Furthermore, there was a significant reason why the Lord told His disciples to cast their net on the right side of the boat. It was far more pivotal than just catching fish. This change pictures going from an attitude of simply obeying the Lord from compulsion to one of obeying the Lord from love. When we begin to make the necessary adjustments to spiritually grow in the Lord, they will be uncomfortable at first. But the Lord desires that we change so the love we have towards Him will grow. It is only when we find delight in what the Lord requires of us that a conjunction with the Lord will take place. The right side of the boat pictures learning truths from a love towards the Lord. The motivation will not be on self-advantage or to avoid bad things from happening to us, but from a simple desire to learn what the Lord wants us to do, because we want to be closer to Him.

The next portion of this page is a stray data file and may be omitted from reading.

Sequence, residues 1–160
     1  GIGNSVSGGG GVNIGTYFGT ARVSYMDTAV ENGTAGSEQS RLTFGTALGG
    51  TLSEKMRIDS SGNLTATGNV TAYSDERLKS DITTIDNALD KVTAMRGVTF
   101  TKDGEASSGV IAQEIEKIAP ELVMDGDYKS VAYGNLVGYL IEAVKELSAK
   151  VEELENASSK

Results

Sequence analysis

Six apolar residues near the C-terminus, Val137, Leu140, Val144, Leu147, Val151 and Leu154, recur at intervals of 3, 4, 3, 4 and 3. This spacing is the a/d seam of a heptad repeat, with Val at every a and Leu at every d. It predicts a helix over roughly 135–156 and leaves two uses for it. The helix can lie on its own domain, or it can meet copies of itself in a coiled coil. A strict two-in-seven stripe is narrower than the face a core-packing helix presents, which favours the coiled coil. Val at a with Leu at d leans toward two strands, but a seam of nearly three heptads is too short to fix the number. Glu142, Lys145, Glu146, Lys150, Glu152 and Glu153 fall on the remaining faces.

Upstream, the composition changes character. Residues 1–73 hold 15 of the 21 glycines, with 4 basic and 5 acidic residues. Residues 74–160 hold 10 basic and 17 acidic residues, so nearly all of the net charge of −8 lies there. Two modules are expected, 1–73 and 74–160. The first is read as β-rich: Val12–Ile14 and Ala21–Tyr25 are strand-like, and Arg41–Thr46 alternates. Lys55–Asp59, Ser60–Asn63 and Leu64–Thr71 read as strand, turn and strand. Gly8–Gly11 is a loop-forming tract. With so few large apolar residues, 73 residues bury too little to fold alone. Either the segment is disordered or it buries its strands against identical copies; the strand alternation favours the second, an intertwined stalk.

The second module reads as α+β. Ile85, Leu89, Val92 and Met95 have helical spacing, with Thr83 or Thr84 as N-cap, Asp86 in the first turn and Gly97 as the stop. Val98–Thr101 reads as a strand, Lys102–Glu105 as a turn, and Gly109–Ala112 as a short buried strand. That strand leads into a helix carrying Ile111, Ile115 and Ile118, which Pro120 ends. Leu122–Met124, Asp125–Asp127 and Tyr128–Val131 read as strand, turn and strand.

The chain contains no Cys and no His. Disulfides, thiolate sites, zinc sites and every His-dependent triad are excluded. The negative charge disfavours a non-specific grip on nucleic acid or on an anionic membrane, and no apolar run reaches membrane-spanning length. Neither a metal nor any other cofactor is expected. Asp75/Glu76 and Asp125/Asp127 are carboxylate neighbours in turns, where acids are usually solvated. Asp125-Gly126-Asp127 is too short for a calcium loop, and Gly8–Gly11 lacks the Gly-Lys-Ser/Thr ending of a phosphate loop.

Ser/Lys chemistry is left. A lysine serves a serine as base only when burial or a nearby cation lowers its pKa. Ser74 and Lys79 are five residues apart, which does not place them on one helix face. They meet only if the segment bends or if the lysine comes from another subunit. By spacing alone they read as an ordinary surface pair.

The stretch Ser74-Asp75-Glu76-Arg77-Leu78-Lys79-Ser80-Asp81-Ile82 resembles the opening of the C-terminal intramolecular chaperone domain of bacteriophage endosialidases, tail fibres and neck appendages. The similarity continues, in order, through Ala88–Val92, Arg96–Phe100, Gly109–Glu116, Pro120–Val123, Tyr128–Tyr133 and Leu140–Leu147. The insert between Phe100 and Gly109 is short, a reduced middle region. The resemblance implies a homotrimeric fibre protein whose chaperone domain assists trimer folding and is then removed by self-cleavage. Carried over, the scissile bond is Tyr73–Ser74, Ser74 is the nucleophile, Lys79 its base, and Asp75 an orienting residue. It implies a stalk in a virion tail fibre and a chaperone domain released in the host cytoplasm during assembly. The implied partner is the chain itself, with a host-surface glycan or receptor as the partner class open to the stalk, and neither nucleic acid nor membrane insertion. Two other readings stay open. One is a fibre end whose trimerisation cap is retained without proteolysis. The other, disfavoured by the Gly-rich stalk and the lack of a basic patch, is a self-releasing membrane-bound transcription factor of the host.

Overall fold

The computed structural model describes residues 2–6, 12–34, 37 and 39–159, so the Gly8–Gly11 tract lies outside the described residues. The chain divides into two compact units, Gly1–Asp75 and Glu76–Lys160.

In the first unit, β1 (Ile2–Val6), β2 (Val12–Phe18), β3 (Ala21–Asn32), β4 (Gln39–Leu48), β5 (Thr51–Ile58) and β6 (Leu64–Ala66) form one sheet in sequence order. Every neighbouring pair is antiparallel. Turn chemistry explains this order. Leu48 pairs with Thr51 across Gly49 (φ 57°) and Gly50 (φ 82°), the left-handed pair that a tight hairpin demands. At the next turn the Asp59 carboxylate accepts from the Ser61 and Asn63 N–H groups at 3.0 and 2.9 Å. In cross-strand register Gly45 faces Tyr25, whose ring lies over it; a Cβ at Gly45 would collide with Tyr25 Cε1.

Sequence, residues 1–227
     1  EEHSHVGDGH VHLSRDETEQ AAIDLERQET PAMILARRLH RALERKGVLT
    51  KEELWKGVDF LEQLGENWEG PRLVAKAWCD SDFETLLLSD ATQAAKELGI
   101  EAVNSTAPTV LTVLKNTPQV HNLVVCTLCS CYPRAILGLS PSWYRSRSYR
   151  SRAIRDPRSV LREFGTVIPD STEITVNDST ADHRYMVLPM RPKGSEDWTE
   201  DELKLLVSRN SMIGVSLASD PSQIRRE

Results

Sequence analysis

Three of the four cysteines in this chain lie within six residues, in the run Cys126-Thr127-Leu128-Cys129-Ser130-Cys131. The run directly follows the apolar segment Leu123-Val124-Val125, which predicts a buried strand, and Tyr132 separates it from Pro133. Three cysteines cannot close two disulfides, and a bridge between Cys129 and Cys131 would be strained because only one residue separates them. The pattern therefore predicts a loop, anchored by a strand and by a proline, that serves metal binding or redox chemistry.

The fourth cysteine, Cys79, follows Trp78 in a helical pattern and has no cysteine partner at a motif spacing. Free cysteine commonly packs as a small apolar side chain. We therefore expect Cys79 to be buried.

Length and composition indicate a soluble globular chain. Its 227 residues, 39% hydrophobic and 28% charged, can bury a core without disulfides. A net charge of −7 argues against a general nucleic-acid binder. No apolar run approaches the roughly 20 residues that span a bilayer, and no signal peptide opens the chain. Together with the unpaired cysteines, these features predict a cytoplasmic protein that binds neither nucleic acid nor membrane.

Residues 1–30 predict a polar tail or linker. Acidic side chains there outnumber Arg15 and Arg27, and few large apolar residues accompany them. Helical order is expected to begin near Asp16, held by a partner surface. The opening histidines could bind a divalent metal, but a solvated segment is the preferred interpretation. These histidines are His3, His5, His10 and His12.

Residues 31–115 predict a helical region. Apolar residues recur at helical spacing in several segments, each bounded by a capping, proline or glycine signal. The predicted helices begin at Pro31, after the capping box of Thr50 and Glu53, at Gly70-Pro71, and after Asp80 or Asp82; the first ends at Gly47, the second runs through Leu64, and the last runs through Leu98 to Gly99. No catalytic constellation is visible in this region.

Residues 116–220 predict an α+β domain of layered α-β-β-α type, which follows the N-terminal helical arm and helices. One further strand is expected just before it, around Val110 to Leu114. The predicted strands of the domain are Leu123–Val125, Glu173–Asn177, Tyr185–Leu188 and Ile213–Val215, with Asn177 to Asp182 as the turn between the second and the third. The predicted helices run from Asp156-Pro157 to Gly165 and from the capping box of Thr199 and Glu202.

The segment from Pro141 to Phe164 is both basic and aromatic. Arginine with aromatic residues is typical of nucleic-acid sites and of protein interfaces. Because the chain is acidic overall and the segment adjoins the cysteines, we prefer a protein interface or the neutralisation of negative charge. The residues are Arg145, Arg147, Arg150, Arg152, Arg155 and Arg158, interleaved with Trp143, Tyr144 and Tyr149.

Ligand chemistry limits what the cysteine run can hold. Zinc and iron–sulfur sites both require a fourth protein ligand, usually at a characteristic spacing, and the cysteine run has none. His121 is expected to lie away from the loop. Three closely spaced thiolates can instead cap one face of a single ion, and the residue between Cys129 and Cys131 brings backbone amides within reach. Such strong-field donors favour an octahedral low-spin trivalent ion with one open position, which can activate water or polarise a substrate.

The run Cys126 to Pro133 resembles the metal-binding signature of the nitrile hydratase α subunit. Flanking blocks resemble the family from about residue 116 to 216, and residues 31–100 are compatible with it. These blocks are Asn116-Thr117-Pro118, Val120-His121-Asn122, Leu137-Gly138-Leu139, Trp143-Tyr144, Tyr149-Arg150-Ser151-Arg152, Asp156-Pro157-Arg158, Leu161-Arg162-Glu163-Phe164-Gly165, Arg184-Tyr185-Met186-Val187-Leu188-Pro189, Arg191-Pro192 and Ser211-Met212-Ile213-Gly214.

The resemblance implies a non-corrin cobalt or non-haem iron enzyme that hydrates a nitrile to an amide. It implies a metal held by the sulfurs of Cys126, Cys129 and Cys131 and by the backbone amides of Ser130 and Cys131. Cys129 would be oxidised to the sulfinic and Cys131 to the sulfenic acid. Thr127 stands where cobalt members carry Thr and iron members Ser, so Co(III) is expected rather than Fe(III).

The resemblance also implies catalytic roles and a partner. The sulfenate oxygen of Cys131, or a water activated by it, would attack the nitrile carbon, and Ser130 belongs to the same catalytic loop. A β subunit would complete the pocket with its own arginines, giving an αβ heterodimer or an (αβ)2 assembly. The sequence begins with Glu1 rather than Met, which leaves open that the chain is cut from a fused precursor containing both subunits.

When this perspective in life develops within us, our spiritual degree of life will rule our natural degree. This means that our sensual pleasures will be under the dictate of complying with the Lord’s commandments. When this happens, our moral principles will not wander, like the fish in the open waters. Instead, they will be orderly contained within the doctrine of life we draw from the Word. Our personal doctrine of life is the net with the multitude of fish. The net is our basic and most fundamental philosophy of life. When our doctrine is directed from the Lord, it will have a multitude of knowledge of knowing how good affections and thoughts can be established in our lives. This is the multitude of fish that was in the net when they cast it from the right side of the boat.